What are rubrics?
Rubrics are scales in which the criteria used for grading or assessment are clearly spelled out along a continuum. Rubrics can be used to assess a wide range of assignments and activities in the classroom, from oral presentations to term papers to class participation. There are two main types:
Analytic Rubrics: Separate scales for each trait, or learning outcome, being assessed within the assignment (e.g., separate scales for “Argument,” “Organization,” “Use of Evidence,” etc.)
Holistic Rubrics: A single scale for the assignment considered as a whole. (e.g., one scale describing the characteristics of an “A” assignment, a “B” assignment, or a “C” assignment, etc.)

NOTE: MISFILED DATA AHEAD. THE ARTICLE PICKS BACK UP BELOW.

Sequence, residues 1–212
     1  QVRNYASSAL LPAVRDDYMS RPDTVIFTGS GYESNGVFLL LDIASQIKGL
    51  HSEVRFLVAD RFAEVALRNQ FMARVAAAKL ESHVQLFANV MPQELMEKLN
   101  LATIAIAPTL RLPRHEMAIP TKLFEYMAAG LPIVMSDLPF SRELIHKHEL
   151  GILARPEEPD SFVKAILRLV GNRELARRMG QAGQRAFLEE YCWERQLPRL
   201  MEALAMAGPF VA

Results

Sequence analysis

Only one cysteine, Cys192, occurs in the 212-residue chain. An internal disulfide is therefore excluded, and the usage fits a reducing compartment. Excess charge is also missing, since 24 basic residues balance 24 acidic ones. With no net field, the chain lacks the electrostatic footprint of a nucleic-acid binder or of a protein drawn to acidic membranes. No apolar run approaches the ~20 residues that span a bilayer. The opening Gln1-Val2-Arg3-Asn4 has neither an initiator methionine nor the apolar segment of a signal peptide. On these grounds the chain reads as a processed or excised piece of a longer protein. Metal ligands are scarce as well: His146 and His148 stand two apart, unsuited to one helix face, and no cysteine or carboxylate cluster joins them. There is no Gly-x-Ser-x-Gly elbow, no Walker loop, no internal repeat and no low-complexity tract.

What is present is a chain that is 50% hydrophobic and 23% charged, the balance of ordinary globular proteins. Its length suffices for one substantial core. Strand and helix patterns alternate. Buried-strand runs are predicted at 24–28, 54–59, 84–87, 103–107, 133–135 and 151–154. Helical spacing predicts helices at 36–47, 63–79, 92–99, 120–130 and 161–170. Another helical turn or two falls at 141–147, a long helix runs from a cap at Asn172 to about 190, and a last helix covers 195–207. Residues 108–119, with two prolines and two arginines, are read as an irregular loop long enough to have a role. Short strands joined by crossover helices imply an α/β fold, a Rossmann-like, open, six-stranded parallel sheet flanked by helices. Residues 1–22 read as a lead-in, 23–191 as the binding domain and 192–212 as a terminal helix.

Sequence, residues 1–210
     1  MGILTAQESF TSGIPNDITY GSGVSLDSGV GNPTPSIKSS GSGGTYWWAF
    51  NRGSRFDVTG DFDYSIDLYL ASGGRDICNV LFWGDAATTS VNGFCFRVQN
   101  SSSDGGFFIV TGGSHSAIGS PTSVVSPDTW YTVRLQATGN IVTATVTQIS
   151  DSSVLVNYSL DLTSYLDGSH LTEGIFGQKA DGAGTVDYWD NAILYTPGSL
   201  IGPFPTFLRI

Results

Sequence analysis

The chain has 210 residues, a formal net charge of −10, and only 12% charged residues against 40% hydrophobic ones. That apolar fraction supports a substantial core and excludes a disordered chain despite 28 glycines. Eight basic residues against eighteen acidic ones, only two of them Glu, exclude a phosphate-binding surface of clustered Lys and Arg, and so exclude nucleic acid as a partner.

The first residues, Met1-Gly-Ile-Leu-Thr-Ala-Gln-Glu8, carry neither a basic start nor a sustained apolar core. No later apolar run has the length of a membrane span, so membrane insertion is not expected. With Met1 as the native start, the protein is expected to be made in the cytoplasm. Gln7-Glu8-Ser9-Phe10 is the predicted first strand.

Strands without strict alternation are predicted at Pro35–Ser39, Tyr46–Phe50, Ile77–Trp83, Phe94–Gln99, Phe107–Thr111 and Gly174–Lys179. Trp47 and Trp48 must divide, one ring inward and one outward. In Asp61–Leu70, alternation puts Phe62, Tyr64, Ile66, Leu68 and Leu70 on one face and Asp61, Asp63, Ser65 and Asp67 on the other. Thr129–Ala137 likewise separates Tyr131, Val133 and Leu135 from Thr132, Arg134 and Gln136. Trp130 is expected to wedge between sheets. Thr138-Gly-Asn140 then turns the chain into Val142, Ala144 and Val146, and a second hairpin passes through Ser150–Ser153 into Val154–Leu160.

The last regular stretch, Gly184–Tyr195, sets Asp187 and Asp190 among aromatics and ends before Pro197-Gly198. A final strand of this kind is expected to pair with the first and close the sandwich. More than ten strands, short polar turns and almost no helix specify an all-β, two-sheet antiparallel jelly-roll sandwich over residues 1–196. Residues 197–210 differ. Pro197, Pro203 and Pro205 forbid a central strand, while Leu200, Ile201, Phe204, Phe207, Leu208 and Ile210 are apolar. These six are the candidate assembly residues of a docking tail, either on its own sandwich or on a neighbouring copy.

Why are rubrics useful?
Increasingly, rubrics are being used in college courses to improve the effectiveness and the efficiency of grading. By making our grading criteria more transparent, a well-considered rubric can both enhance student learning and save us time.
Rubrics enhance student learning by . . .
- anchoring grading to specific learning objectives rather than more subjective, distracting considerations of rank or effort
- improving assignment design by clarifying desired learning outcomes
- contributing to fairness and consistency across sections
- reducing student anxiety about the subjectivity of grading
Rubrics help you save time by . . .
- narrowing the field of evaluation to desired learning outcomes
- facilitating constructive written comments
- reducing grade challenges
- reducing graders’ anxieties about grade inflation and the subjectivity of grading.